Happy to Report My New YouTube Channel — FSOT Prep

Folks,

I am currently posting my videos on how to prepare for the Foreign Service Exam on a YouTube Channel.  I am walking possible applicants through the process of registering for the FSOT and choosing a Career Track. The State Department has linked the two so when you register for the October test, offered from September 29 to October 6, you must select your Career Track. There are five career tracks: Consular, Economic, Management, Political, and Public Diplomacy.

Picking your Career Track

Fortunately, the State Department has provided good information to help you decide your career track. Most of it is on the main recruiting website — Careers.State.Gov

To access the Career Track information, you need to drill down on that site. To learn what an Foreign Service Officer (FSO), including tasks and responsibilities for Entry Level, Mid-level, and Senior officers in each career track, select the following career tracks, aka cones, here.  Consular, Economic, Management, Political, and Public Diplomacy.

In addition, the State Department offers an online, 50-question test that based on likes and dislikes of work can tell you which cone is appropriate for you.This exam is under the rubric of “Which Career Track is Right for You.”

Diplomats-in-Residence

Finally, you can reach out to the 16 Diplomats-in-Residence(DIRs) posted at universities across the United States.  These DIRs are made of Foreign Service Officers with years of experience in their respective career tracks. I encourage you to reach out to ones in the cones in which you are interested.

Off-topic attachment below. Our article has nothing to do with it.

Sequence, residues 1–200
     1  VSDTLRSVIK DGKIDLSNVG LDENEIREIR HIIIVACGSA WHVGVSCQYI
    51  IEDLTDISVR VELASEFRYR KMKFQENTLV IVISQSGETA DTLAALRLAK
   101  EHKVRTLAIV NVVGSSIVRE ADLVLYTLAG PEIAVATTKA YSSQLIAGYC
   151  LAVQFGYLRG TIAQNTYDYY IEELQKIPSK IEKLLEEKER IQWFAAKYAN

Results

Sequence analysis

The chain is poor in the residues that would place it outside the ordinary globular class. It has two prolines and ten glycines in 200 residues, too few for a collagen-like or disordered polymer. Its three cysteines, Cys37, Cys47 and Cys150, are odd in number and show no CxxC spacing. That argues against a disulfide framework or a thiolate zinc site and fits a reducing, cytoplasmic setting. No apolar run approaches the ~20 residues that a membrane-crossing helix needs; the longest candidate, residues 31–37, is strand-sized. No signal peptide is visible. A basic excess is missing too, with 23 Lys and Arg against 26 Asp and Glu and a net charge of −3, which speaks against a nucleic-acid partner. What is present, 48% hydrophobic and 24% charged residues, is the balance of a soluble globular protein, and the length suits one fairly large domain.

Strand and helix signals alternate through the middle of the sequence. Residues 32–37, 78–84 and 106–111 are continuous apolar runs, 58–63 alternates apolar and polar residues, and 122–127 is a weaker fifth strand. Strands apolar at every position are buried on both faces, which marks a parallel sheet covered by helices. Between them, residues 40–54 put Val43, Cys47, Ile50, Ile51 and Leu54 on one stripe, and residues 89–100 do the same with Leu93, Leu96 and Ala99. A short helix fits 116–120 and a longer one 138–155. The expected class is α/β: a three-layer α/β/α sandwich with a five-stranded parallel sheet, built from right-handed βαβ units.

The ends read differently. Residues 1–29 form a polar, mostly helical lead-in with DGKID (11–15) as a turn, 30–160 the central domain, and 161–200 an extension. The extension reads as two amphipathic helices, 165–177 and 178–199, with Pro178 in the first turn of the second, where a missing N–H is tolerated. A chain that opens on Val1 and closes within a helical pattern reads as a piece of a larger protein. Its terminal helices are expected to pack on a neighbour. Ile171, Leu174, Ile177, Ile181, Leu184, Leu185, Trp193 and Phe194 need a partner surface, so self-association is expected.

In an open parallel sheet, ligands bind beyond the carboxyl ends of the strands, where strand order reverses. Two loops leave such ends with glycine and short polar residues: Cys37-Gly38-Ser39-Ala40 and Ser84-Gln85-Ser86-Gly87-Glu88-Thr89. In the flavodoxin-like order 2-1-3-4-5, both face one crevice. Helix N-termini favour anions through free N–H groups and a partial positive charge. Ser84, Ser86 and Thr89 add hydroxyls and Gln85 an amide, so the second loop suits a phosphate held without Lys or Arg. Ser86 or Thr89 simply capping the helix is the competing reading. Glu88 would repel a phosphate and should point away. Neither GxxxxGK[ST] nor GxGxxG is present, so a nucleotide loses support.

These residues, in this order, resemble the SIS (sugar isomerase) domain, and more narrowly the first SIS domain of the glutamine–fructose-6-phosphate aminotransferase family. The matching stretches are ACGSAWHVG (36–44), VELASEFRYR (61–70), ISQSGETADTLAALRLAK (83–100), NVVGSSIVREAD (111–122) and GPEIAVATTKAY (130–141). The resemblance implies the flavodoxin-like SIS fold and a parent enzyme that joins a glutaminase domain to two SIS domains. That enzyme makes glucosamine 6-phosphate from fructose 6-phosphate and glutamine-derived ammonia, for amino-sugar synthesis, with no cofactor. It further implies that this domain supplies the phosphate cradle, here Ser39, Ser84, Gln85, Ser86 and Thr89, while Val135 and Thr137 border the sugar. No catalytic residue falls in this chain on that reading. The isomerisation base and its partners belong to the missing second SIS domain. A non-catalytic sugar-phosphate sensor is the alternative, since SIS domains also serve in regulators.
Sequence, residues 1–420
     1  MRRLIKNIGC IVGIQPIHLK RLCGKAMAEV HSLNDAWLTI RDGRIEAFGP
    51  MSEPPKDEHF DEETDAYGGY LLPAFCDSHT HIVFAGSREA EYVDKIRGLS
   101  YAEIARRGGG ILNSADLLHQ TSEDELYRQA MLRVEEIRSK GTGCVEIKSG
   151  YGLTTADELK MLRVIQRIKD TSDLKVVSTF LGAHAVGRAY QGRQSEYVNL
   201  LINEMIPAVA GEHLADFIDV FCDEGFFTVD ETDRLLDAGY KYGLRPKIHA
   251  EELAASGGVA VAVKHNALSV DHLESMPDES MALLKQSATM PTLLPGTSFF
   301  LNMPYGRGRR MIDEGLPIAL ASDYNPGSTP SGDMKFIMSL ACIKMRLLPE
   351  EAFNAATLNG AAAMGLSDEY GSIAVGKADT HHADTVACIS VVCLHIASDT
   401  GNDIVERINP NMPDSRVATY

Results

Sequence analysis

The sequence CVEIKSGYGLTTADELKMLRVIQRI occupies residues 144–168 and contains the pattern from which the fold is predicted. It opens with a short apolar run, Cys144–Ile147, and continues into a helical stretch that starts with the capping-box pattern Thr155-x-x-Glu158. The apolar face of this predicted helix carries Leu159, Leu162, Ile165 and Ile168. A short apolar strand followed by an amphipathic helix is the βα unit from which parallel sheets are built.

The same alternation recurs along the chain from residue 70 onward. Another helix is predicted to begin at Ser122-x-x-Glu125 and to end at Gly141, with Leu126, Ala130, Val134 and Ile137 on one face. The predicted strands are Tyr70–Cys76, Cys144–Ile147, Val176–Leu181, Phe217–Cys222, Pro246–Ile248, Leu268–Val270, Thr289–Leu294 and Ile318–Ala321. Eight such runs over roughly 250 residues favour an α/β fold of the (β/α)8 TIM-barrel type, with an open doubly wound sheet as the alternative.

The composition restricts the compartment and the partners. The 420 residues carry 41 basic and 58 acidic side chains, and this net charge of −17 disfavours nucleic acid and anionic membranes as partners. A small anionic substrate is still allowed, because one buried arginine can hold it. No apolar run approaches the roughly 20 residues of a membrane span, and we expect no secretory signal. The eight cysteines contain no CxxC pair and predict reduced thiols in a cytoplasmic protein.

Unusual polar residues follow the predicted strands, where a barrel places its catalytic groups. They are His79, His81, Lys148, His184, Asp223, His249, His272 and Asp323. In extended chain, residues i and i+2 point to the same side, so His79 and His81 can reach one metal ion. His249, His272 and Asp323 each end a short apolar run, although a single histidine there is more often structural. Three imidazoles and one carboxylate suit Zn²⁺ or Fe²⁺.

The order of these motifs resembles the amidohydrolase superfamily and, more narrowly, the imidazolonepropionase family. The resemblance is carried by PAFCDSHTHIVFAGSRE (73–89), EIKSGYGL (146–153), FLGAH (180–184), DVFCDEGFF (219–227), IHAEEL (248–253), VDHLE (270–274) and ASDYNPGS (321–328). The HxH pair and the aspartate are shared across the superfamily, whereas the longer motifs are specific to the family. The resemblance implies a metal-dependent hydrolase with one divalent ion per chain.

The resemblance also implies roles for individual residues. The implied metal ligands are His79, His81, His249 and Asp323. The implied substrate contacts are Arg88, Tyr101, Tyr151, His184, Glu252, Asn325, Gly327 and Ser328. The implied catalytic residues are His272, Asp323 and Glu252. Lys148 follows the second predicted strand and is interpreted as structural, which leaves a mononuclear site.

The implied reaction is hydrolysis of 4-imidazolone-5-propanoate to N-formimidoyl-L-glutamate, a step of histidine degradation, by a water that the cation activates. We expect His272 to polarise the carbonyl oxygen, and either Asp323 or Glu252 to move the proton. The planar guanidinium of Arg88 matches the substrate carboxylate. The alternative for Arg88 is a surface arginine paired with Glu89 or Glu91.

Now, the State Department may frown at you for contacting, say, a political cone officer in southern Florida, if you live in a state outside of the Sunshine State. However, to me that’s ridiculous and you should contact DIRs in your prospective cones to find out more about the career tracks. Besides, everyone who signs up to be a Diplomat-in-Residence is typically open to any questions. I recommend that you first send an email (and fudge the state, if you’re squeamish) and set up a time to talk on the phone with the DIR.

Gaming the System: One word — “Don’t”

For those few seeking to game the system, applying for a consular or management job in the likelihood it will be easier to get into the Foreign Service. And once an FSO, he or she will just transfer into, say, the political career track. Well, you’re out of luck because the Department only allows “conal rectification” in very rare instances and never/never into the political cone.

My advice is to pick the cone in which you have an abiding interest.  For me, I joined as a consular officer mainly because I wanted to help American Citizens. You can have out-of-cone assignments, especially when you return to Washington, DC to work at Main State (the Harry S. Truman building). But in looking back on my career, I served in three consular positions for a total of 7 years and outside of consular work for 17 years.

Finally, the FSOT registration opened today, August 29 in which you’ll have to select your career track where, unlike me, you are likely to spend the bulk of your Foreign Service careers. It’s a big decision and one that is personal.

The FSOT will run from September 29 to October 6. The earlier you apply, the more likely you are to get the test center closest to you. If you’re living overseas, there will be test centers at most embassy or consulate locations.

Good luck!

 

 

 

 

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  I will resume coaching for the October FS?OT in July.  Details to follow. Good luck to all taking the June sitting of the Foreign Service Exam.  

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